Tennis

International Premier Tennis League: Changing the traditional game

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The introduction of the International Premier Tennis League (IPTL) last year was said to present ‘an exciting new era for international tennis’ and would provide a friendlier, more enjoyable environment for both spectators and players. However, is it wrong to alter a sport as traditional as tennis?

This concept alone presented a new and exciting model to be incorporated into the professional tour, where professionals and ex-professionals would appear in various regions of India and create an exciting, shorter spectacle to operate alongside the ATP and WTA world tour.

The newly founded tennis league is made up of four teams, the Micromax Indian Aces, Manila Mavericks, Musafir.com UAE Royals and DBS Singapore Slammers. 

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28 professionals and ex-professionals make up the four sides where they contest five one-set matches over the duration of one day consisting of one male and Women’s singles, one Men's doubles, one mixed doubles and a legends match.

With global stars such as Roger Federer and Gael Monfils who participated in the events debut fixtures, many suggested it’s hard to see how the concept can fail.

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Federer said: “It’s not going to replace how we play the tour but it definitely has a place in our sport to have more interaction, more fun, and different rules.

“You bend it, you customise it, and it works for everyone involved. It’s a very interesting concept,” Federer told the BBC.

The former World no. 1, talking after a representing the Indian Aces in New Delhi last December, did, however, express some concerns.

“My mind was scrambling trying to remember all the rules. It’s crazy, but it’s good fun. I’m very traditional and I like the way the game is on tour. I like the scoring system.”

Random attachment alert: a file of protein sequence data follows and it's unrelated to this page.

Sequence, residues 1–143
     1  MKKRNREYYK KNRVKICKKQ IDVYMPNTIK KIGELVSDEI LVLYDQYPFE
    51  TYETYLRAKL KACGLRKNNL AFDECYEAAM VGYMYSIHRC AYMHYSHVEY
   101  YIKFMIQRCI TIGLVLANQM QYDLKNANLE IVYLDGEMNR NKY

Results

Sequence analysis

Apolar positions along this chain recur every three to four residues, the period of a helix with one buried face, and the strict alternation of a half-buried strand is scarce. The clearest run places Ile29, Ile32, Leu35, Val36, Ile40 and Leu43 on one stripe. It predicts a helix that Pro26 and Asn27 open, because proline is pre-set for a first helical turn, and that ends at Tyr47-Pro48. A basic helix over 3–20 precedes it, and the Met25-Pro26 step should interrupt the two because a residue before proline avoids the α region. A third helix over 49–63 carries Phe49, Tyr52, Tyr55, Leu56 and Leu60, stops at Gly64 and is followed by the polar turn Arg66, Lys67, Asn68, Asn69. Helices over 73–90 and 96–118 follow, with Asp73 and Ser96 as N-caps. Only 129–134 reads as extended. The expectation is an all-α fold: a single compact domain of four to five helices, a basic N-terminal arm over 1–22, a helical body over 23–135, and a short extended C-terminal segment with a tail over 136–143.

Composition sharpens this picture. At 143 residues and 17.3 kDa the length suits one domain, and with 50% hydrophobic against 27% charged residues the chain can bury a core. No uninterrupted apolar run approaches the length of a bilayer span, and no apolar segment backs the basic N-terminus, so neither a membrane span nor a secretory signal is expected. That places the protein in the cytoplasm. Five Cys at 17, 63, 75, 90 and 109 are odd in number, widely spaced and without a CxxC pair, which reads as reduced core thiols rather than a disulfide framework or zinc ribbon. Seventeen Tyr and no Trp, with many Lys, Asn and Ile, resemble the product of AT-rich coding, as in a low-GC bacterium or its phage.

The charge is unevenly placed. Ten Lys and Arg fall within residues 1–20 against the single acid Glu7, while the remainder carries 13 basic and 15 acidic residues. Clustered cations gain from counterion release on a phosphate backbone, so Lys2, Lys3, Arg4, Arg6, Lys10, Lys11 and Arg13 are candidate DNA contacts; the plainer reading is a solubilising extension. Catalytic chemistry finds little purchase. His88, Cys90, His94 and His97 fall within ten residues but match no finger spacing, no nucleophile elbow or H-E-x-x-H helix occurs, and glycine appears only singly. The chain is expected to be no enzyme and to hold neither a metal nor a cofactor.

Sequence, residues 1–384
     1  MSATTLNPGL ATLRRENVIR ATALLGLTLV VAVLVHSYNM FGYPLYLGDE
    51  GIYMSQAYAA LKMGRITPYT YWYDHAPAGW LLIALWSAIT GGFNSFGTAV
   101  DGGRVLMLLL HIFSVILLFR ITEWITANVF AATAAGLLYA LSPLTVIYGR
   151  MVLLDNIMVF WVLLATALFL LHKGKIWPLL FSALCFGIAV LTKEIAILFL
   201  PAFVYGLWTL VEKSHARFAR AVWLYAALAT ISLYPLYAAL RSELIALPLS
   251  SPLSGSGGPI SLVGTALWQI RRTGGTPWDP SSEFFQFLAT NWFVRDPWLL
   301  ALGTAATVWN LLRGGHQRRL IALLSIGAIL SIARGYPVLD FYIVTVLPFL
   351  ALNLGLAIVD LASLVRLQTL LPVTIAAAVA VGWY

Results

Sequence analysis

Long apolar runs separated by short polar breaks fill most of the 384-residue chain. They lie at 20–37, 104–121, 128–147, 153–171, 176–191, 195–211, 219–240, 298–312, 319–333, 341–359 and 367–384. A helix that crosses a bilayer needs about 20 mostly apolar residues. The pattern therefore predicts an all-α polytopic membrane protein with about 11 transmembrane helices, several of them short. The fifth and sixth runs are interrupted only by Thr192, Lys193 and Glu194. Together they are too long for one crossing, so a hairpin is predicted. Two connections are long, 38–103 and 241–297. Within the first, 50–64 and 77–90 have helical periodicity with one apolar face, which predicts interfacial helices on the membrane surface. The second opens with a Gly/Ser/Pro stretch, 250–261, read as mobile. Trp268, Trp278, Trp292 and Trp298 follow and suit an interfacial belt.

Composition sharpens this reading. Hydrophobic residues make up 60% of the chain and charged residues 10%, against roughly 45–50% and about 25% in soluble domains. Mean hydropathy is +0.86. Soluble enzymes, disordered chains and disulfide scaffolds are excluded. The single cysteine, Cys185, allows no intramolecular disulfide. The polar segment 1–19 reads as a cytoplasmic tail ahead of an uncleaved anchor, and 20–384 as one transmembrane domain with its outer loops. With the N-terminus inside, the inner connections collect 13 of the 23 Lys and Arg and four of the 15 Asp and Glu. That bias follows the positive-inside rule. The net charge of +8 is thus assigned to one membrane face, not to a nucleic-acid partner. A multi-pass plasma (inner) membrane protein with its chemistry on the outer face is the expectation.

The competition itself has a very western, American-sport feel to it with its unnecessarily complicated rules. For example, the ‘Shoot-out’ and ‘Super shoot-out’ where a match is tied at five-games all the players must play out a tie-break four minutes in a regular shoot-out and a tie-break for seven minutes in a super shoot-out.

It seems to be an unnecessary rule which raises the question why a standard, and traditional, tie-break or championship tie-break is not sufficient.

The atmosphere that is aimed to be created at an IPTL event is described as ‘fun and enjoyable for all’ however, how is this different to existing competitions such as ‘The Davis Cup’ and ‘FED Cup’? These competitions consist of the same fun but competitive atmospheres and operate by the same traditions that exist in tennis and run alongside the world tour.

It is hard to see how it differs from these, and also how the IPTL could ever replace such events. Although the idea is valued, the IPTL is almost a copy of these competitions, with a more commercial and ‘fun’ aspect in mind.

Tennis has a very long and famous history for being very traditional in its operations, for example the all-white clothing at Wimbledon, the world tour split up by four prestigious grand slams and best of five sets at Grand Slam events; the list is endless.

Therefore, although the competition does present the potential for an alternative aspect to the sport, providing a more enjoyable atmosphere where the crowd can really get behind their team, it appears to create the image of an occasion of less importance and seriousness to the professionals involved.

The competition is set to return to the Philippines at the end of November and will tour Asia for the remainder of the year, however, will it have grown in popularity and recognition? At this stage it is hard to tell. The IPTL creators may find that for the event to truly take off globally and be recognised as a ‘global event’ then they will need to return to the drawing board.

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